Minnesota county, tribal and private mental health practitioners are invited to participate in a new web-based training initiative on the unique mental health challenges of children adopted from foster care. Pilot testing of the National Adoption Mental Health Training Initiative begins in March. The course is intended to equip mental health practitioners with tools to better assess and help adoptive families. Minnesota is one of nine pilot sites for the training. Those interested can sign up for more information about the training on the Center for Adoption Support and Education website.
The annual Minnesota County Human Service Cost Report for Calendar Year 2016 (PDF) is available on DHS’ public website. The report, compiled by the Financial Operations Division, contains statewide and county-specific costs and revenue shares for economic support, health and social service programs.
Many parents don’t know their options or understand the benefits of determining parentage when their child is born. The Minnesota Department of Human Services created a new video, “Establishing Parentage — What Every Mother and Father Should Know,” to help new, unmarried parents decide how they want to establish parentage and understand the benefits. The video focuses on two ways to establish parents, signing the Recognition of Parentage form or genetic testing. The video also covers related subjects, such as child support, custody and parenting time. DHS translated the eight-minute video into four languages. More information is available on the recognition of parentage page.
During Child Support Awareness Month, the Minnesota Department of Human Services and county support offices are sending letters to parents who have fallen behind on child support to help them start paying again and get their driver’s licenses back. The goal is to help parents get back on track and help their children get the financial support they need. Last August, Ramsey County implemented a similar project. Since then, parents owing child support have paid $330,000 million in support. DHS and other counties will institute a similar project across the state. More information is on the child support website page.
Established by the 2016 Minnesota Legislature, the Child Support Task Force is working to develop recommendations to improve Minnesota’s child support guidelines. The task force includes parents, legislators, court and child support professionals, and staff from organizations that work with parents who pay or receive child support. Starting in September, the task force will feature expanded time for public comments at its next four meetings for parents to share their experiences, challenges and make suggestions for program improvements. The meetings with time for public comments will end in December. More information about the child support task force is on the department’s website.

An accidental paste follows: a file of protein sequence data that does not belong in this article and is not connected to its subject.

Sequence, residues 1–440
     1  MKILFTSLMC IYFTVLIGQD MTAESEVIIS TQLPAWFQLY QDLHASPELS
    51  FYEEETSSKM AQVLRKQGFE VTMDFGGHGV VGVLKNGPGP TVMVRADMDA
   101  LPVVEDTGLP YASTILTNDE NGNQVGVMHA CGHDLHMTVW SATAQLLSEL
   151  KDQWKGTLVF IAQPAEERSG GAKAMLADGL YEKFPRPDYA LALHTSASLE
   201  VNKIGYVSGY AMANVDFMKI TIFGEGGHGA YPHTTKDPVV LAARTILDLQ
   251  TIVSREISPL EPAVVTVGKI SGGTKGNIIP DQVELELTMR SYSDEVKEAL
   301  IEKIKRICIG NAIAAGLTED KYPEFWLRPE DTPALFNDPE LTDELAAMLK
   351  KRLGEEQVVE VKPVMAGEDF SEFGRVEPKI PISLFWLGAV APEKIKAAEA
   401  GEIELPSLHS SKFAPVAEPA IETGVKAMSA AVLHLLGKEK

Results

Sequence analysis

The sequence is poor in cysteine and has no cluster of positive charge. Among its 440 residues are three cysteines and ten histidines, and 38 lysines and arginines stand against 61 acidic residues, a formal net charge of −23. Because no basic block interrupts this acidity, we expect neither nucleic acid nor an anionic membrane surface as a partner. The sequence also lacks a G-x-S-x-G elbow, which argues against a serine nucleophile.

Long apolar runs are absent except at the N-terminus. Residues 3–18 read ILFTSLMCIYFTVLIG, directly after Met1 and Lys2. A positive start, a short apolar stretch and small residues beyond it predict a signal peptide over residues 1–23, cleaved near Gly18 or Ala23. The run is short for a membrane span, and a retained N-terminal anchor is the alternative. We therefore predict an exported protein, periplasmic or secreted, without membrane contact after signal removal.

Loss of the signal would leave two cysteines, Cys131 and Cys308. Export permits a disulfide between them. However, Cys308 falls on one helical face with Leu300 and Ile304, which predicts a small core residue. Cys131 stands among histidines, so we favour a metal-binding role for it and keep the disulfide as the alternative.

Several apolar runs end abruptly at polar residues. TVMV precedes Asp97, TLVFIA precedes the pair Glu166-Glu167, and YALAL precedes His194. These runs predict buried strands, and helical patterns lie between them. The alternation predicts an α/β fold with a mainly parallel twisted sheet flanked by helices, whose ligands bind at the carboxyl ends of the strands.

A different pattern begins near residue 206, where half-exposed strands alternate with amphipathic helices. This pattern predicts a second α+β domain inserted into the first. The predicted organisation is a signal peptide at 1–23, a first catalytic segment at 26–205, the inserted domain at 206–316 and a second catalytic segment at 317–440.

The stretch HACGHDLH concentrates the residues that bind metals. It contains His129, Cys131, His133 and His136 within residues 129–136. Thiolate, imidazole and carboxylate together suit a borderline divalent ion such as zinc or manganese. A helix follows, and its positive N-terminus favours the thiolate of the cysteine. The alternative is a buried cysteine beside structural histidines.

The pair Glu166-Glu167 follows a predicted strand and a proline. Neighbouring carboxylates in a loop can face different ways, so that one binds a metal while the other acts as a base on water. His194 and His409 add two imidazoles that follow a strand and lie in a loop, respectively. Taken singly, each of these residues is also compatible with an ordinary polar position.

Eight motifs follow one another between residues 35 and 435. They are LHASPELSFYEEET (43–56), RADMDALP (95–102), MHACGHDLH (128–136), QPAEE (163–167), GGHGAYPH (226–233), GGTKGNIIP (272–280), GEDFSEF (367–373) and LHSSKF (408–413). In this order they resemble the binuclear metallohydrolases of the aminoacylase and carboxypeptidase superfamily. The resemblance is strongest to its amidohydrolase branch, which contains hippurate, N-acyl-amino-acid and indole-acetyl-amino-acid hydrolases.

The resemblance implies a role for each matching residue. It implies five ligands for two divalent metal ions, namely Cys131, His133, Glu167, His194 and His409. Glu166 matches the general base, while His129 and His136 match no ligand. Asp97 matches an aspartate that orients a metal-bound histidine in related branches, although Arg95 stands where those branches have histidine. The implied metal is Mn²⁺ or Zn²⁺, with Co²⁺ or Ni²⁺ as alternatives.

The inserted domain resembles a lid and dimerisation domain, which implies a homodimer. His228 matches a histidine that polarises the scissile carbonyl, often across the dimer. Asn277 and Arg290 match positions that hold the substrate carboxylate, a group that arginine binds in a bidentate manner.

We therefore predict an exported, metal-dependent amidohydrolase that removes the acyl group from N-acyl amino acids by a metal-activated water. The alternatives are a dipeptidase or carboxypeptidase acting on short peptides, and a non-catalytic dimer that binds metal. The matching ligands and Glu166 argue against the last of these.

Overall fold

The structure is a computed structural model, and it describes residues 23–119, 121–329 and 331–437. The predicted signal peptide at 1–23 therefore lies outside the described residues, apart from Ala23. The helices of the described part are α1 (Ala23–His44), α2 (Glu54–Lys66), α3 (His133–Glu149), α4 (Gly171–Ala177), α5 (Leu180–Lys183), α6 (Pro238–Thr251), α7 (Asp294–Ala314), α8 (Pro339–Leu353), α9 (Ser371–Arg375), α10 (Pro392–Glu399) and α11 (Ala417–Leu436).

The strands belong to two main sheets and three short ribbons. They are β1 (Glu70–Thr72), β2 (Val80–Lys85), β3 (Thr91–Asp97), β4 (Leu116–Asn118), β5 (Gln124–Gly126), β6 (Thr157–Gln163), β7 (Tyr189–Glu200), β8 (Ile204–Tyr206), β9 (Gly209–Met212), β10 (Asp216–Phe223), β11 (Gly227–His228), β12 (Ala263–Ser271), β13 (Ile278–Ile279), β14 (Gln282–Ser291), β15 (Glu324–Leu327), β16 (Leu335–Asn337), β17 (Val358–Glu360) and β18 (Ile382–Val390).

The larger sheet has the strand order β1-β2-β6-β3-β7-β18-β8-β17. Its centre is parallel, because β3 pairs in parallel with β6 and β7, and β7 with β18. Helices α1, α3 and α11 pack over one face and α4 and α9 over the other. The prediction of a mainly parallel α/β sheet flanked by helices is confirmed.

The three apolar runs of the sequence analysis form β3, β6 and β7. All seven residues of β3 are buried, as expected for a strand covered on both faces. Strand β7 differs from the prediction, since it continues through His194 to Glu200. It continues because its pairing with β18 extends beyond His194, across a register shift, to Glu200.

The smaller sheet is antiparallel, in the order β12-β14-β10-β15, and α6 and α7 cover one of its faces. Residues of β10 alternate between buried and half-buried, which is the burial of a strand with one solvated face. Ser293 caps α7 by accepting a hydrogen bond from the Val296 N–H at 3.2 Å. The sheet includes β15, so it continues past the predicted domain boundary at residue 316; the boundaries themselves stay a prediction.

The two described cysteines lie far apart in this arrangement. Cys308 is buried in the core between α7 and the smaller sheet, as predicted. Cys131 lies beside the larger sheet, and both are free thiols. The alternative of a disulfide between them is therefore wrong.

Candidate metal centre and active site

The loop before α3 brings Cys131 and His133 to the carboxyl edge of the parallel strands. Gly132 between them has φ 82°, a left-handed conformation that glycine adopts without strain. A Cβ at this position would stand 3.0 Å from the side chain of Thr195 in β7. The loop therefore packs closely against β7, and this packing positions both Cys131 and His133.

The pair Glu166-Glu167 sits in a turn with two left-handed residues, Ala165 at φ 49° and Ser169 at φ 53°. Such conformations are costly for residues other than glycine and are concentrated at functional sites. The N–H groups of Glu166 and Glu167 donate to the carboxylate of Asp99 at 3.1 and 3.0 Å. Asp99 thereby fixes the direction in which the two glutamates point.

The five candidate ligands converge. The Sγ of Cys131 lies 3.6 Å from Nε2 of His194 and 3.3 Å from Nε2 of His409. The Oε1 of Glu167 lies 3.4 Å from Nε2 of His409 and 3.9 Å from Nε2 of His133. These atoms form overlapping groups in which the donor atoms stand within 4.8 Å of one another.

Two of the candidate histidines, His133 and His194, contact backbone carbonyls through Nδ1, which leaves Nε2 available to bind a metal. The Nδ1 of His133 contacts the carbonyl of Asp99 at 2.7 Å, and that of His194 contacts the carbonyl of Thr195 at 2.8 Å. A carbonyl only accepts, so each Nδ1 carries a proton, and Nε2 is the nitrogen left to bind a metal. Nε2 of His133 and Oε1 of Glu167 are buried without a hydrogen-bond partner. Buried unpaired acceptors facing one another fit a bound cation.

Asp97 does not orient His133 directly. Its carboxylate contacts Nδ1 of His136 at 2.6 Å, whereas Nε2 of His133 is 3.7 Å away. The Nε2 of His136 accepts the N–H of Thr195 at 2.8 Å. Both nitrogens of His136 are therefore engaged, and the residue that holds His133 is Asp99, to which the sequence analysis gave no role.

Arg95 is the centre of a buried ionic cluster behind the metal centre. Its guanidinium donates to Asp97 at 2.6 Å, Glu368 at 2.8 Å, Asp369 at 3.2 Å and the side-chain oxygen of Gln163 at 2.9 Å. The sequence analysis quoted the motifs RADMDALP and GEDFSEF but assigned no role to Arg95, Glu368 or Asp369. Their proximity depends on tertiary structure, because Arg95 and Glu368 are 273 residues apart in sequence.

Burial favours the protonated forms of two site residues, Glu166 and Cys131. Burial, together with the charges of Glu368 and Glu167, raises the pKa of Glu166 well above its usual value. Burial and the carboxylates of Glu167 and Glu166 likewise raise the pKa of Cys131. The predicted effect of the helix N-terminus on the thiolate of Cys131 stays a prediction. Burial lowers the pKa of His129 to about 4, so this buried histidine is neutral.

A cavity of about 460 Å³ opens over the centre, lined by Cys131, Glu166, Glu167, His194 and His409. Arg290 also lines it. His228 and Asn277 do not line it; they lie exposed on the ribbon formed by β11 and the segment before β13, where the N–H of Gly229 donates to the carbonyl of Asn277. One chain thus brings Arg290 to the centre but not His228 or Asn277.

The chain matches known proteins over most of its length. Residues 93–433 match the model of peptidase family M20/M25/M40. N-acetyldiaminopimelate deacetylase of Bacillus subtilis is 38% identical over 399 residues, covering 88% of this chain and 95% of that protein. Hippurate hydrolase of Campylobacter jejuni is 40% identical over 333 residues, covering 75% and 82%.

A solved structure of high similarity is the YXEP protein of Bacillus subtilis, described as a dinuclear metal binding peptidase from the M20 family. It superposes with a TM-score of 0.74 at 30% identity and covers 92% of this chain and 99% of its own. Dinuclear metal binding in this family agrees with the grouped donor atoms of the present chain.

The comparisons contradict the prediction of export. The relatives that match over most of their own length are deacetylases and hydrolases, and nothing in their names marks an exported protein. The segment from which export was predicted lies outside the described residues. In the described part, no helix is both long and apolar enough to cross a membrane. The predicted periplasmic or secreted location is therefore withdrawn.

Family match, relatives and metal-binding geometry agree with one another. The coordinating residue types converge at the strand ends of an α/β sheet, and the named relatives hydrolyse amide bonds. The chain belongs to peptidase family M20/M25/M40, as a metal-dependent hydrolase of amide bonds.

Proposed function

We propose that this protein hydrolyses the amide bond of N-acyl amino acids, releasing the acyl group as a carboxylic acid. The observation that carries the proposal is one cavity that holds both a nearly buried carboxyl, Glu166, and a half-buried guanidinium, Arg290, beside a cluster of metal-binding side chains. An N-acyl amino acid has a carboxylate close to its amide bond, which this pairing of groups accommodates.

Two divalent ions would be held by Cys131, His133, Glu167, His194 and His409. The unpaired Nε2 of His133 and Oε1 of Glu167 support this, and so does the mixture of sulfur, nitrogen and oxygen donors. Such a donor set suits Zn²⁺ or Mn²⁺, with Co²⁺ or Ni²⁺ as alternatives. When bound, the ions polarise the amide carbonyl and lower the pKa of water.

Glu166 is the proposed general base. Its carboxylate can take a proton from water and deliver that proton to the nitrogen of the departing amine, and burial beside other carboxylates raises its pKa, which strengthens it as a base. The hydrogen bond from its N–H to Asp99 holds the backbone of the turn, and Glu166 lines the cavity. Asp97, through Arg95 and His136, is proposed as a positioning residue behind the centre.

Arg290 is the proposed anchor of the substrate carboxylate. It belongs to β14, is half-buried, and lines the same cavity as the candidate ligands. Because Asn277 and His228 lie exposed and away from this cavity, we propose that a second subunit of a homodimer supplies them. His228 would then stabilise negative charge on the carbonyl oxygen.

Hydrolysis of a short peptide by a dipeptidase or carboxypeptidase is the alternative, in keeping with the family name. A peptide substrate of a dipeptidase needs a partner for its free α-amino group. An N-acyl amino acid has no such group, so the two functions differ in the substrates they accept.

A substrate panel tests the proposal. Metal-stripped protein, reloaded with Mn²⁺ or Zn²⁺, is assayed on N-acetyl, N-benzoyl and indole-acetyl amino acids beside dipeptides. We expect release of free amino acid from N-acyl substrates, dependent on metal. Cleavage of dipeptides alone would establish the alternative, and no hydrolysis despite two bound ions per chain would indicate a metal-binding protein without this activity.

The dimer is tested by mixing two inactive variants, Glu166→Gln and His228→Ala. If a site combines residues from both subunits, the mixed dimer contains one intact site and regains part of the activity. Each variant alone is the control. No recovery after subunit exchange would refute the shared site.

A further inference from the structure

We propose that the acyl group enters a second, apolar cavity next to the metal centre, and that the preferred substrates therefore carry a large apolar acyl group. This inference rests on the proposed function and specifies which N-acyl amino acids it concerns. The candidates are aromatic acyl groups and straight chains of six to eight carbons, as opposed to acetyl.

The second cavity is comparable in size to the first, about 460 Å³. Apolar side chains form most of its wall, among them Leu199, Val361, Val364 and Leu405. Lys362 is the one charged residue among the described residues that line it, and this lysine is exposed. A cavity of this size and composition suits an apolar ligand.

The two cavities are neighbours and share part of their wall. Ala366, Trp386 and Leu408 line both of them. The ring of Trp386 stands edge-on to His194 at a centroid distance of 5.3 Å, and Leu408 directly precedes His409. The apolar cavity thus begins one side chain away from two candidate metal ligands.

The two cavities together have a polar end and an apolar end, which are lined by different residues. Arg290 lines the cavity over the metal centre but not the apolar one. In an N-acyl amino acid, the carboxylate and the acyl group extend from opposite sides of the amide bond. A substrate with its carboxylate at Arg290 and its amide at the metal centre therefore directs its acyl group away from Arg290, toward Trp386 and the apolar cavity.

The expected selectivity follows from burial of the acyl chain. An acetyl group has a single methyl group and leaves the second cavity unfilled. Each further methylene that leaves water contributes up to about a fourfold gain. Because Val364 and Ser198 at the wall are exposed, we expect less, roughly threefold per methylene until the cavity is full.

Minnesotans are speaking more languages, which is why DHS’ interpreter poster (PDF) (DHS-4739-ENG) has recently been updated. The new poster features six new languages: Amharic, Burmese, Cantonese/Traditional Chinese, French, Karen and Korean. These languages are in addition to the previous languages, which are: Arabic, Hmong, Cambodian/Khmer, Lao, Oromo, Russian, Somali, Spanish and Vietnamese. More information is in a story about the interpreter poster.
The licensed child care issue brief, Understanding Licensed Child Care in Minnesota (PDF), provides licensing data along with an analysis of issues facing licensed child care in Minnesota. These issues include monitoring and oversight activities as well as the availability of licensed care in the state in 2016. The fact sheets address commonly asked questions and provide insight on trends in licensed care. These resources are intended to inform families, licensed providers, policy makers and other key stakeholders about licensed child care in Minnesota.
Minnesota’s Olmstead Plan now has a home on the DHS website. Through the Olmstead Plan, Minnesota is paving the way for people with disabilities to express their preferences for how they choose to live, learn, work and engage in community life, while receiving the supports they need to be safe and successful. DHS is working closely with community partners and other state agencies to make Minnesota a leader in supporting choice for people with disabilities. The “Minnesota Department of Human Services and the Olmstead Plan” page contains DHS-specific news, information and materials about the plan, including successes, fact sheets, and other materials of interest to a wide range of audiences.
The Minnesota Department of Human Services, in partnership with the Minnesota Department of Employment and Economic Development, has produced two orientation videos for Supplemental Nutrition Assistance Program Employment and Training (SNAP E&T) participants. The videos, produced in English and Spanish, introduce viewers to what SNAP Employment and Training does to help Minnesotans transition from public assistance to self-sufficiency by preparing for and obtaining gainful employment. A Somali language video is currently in production and will be published later in 2016. More information can be found on the department’s SNAP Employment and Training Program webpage.
The Minnesota Department of Human Services has a departmentwide Facebook page that will feature a variety of content helping to share the DHS mission. DHS invites Facebook users to share constructive ideas, information, opinions and stories. Social media guidelines and links to all official DHS social media accounts can be found in the social media statement.
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